Hero of the Game: Justin Ruggiano (0.077 WPA)
Goat of the Game: Carlos Lee (-0.255 WPA)
Play of the Game: Carlos Lee grounds into a double play in the sixth inning with runners on first and second. Donovan Solano advances to third base. Jose Reyes out at second. (-0.169 WPA)
With the runs flowing between the Miami Marlins and Arizona Diamondbacks in the first two games, it was difficult to foresee a low-scoring affair in game one of a doubleheader on Wednesday. It was especially difficult given the fact that two 21 year-old pitchers were making their debuts for their respective teams. Jacob Turner and Tyler Skaggs were making their first starts for their respective ball clubs; it was Turner's seventh career major league start and Skaggs's first. Given the situation, you would expect a ton of runs.
That was not the case, as Skaggs and Turner delivered good performances for their teams. Turner actually outdueled Skaggs, and that has to be a comforting thing for Marlins fans that he performed as well as he did. Even though the team took the loss, this has to be considered at least a #minorvictory for the Fish.Turner's Debut
We will have more on Jacob Turner's debut tomorrow on its own, but needless to say, he impressed plenty of folks in this game with six well-pitched innings. He threw what appeared to be three pitches with a potential fourth pitch of a cutter that was close to his fastball velocity. Brooks Baseball saw five pitches including a mid-80's cutter, a changeup, curveball, and two different fastball types. I was unable to spot differences between his supposed four- and two-seam fastballs, as they were generally the same velocity. Both of his fastballs sat at 90 mph with a high of 92.
Turner's biggest concern coming into this game was his strikeouts. He had always been unspectacular in that category but more than acceptable in the minors, but in this season, he struggled to get hitters out via the K. Today he showed he still had the skills and repertoire to get them out via strikes, as he whiffed five batters in six innings. Almost a quarter of the 21 batters that Turner faced went down on strikes, and that was because he was able to show us again that his swinging strike rate was significant.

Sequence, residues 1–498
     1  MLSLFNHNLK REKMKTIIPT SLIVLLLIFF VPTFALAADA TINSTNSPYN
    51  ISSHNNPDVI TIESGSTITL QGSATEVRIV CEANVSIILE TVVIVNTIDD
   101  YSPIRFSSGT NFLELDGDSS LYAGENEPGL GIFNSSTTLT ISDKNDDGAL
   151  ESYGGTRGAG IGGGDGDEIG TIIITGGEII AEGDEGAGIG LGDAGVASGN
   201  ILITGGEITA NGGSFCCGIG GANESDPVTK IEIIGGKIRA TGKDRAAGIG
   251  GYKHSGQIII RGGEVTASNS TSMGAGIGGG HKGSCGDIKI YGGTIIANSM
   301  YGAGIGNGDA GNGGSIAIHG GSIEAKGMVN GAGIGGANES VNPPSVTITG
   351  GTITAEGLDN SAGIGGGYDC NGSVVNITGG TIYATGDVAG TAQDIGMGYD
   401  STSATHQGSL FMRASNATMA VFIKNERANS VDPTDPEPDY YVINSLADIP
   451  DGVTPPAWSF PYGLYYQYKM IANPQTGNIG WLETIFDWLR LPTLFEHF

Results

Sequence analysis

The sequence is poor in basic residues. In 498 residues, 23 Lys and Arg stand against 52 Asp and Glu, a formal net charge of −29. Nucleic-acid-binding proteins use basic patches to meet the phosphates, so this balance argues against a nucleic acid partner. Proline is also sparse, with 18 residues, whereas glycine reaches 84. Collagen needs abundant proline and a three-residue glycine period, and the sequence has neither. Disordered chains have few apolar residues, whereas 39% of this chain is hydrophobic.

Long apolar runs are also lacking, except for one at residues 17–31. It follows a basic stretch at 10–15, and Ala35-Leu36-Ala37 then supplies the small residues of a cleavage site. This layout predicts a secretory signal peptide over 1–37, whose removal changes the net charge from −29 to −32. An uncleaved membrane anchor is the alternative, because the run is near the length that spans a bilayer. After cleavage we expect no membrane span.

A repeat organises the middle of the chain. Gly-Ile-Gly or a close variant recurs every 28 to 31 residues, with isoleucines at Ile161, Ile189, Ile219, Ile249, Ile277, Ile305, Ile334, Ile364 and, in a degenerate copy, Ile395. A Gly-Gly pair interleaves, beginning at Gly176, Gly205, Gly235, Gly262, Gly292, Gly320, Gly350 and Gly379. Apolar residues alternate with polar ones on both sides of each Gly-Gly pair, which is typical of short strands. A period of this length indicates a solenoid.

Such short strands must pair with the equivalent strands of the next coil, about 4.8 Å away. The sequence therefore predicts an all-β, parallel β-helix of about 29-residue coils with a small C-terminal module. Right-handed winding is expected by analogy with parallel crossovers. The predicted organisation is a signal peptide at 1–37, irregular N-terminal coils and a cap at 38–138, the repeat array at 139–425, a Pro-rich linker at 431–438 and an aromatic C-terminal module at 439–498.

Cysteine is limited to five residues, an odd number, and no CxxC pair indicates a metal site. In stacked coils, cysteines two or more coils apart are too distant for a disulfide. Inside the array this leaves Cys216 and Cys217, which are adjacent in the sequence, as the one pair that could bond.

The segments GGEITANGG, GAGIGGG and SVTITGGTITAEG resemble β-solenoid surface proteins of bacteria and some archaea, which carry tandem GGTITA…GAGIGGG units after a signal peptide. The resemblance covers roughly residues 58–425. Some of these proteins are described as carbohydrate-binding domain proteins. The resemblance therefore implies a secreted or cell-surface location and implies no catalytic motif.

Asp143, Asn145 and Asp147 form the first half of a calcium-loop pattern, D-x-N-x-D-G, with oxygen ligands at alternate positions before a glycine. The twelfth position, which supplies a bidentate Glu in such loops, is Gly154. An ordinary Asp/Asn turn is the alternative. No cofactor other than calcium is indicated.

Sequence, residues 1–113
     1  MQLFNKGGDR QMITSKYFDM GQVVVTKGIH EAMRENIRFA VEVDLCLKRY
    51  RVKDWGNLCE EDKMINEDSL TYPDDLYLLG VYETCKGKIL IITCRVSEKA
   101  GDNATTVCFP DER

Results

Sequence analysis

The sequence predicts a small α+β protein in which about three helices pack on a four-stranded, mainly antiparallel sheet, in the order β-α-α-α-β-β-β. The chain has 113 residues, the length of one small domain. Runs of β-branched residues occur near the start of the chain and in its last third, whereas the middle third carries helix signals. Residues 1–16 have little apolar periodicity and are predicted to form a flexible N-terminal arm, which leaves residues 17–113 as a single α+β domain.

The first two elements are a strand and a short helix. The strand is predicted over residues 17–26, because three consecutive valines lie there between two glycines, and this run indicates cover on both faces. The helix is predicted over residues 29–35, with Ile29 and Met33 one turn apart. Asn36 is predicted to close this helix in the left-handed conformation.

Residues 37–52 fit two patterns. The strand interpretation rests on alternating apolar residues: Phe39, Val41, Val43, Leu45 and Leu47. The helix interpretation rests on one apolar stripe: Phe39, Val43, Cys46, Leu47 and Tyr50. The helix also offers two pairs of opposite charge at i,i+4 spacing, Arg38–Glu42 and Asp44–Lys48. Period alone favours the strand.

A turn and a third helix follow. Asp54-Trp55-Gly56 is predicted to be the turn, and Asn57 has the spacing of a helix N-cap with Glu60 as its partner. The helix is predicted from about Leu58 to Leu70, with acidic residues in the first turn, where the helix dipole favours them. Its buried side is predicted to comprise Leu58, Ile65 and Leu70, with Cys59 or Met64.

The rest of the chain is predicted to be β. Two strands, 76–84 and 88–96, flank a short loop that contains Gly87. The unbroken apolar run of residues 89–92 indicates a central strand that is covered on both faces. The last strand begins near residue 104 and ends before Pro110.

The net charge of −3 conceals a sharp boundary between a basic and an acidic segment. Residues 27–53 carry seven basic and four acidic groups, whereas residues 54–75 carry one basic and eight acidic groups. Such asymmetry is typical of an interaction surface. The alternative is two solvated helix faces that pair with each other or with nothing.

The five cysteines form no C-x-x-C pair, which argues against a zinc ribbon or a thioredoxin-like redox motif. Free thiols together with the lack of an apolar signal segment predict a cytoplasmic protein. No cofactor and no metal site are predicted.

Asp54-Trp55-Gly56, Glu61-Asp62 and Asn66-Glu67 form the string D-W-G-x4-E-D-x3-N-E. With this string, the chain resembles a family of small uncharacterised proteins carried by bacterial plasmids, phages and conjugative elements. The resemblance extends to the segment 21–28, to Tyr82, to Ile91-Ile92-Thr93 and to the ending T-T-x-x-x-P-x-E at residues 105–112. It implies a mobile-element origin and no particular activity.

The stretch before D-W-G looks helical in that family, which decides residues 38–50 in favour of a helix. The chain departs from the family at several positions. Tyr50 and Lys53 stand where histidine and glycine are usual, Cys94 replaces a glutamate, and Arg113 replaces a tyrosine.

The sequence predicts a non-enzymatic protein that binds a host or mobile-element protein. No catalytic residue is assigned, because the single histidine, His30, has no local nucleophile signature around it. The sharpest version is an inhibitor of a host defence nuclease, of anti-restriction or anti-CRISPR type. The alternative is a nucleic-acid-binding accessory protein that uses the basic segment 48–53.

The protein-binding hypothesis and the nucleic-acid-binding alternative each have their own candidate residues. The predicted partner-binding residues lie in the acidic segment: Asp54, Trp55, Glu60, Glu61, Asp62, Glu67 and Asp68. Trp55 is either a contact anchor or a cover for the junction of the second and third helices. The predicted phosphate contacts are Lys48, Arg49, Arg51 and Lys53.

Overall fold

As for command, very few balls were left out in fat areas of the plate, though Turner got away with a couple of pitches here and there. Certainly the home run he did allow showed that he can be beaten in the zone. But not too many pitches ended up way out of the zone, and Turner threw enough strikes to avoid walks altogether. Overall, an excellent first start for Turner, and an encouraging sign for Marlins fans looking for positives in a close loss.
Justin Ruggiano Blasts Another
Just when you think Justin Ruggiano is beginning to regress to the mean, he jumps out at you with some well-hit balls. He hit another home run today against Skaggs, a two-run shot that just got over the yellow line that delineates homers from the official "wall" down in center field in Chase Field. Two nights ago, in the Marlins' 12-3 romp, he hit a similar homer that went past that area, a distance of over 440 feet.
Ruggiano now has 12 homers in 212 PA as a Marlin, an astonishing rate of 17.7 PA per home run. If you'll recall from my earlier article on Giancarlo Stanton's chances at the home run crown, he's only hit homers at a rate one per 16.9 PA in his career, so Ruggiano has gotten off to a Stanton-esque start to the 2012 year.